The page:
Introduction: Rehab Foam Snow Sled With Luan (plywood)
Foam snow sleds are awesome, however the plastic bottoms have a tendency to get torn and cut, especially on ice, which slows them down over time.
In this Instructable I show you how to take an old foam snow sled and give it new life with a sheet of Luan (a kind of plywood). All told, it took about than an hour do do this project start to finish (though field testing took longer).
My kids had a number of foam snow sleds which are comfortable to ride because of the foam which is between 1/2 to 3/4 inches thick. However, the bottoms are made of a thin plastic. While it gives a good ride initially, in the cold weather it has a tendency to get brittle and start splitting, especially when there's ice on the slope. These cuts and splits make the sled slower because of the drag.
I'd tried duct tape (I am from Maine) which works okay for a while, but does eventually come off with the friction. Given the ready availability of plywood and ease of working with it, it seemed a great choice to cover the bottom of the sled.
Materials and Tools
For this Instructable, you'll need
- Saw (I used a table saw and band saw, but it could all be done with a hand saw)
- Razor blade/ sharp knife
- Sander / sand paper
- Clamps (man, many clamps)
- Weights/ books
- Luan or thin plywood
- Old foam sled with smooth bottom (no formed or shaped bottoms)
- Scrap pieces of wood for clamping and supporting sled while it dries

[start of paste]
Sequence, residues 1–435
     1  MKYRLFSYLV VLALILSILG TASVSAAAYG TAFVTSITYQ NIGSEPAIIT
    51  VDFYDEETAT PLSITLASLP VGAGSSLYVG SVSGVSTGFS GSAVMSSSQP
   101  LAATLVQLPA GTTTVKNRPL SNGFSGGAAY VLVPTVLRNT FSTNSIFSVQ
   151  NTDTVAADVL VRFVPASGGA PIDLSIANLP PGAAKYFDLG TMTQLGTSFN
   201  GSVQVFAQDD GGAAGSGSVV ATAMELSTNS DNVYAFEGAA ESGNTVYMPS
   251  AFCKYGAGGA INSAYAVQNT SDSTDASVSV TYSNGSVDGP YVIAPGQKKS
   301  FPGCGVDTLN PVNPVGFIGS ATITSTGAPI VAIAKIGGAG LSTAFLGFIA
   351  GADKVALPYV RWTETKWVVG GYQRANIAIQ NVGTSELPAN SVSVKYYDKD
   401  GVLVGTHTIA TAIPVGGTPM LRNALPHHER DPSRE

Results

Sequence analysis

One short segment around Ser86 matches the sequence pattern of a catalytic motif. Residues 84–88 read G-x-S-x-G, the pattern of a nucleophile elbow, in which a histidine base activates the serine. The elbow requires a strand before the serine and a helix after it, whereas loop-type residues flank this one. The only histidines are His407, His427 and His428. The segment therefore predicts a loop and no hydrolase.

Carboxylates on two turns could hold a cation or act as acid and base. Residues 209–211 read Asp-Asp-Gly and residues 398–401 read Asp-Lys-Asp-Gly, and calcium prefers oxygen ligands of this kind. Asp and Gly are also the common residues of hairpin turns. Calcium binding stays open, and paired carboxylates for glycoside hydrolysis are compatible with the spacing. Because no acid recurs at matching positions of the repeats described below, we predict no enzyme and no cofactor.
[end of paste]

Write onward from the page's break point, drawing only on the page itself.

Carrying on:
- Gorilla glue
- Wax/ rag
- Painter's tape
Step 1: Prep Your Materials
Measure your snow sled. Cut your plywood 1-2 inches larger than your sled's dimensions. (It's okay to leave the plywood square/rectangular at this point as we'll trim the extra after it's glued up.)
Prepare your Sled
Trim / Cut any high spots or loose plastic away from the bottom of the sled using a razor blade. Don't worry about leaving gaps in the plastic, this will be covered by the plywood. You don't want anything to interfere with the plywood making a good bond to the plastic. You want to take as little of the underlying foam as possible, so be sure to make shallow cuts.
Sand the bottom of the sled using coarse sand paper (either with a belt sander or by hand) to rough up the bottom. Take all of the shine off the plastic to give the glue a better surface to adhere to.
Tape any loose handles down to the top of the sled using painter's tape to keep them out of your way when gluing and clamping.
Clean the bottom of your sled. Wipe the bottom of your sled with a clean dry cloth, removing any dust or dirt from the bottom where the glue will go.This will give a clean surface for the glue to adhere to.
Step 2: Glue and Clamp
For this project I used Gorilla glue. I'd never used it so didn't quite know what to expect.
Gorilla glue is the color and consistency of maple syrup which means it doesn't spread easily. The upside of this is that it pretty much stays where you pour it until it starts to expand.
With sled facing down, squirt the glue over the back of the sled. Give fairly good coverage but you don't have to completely cover it.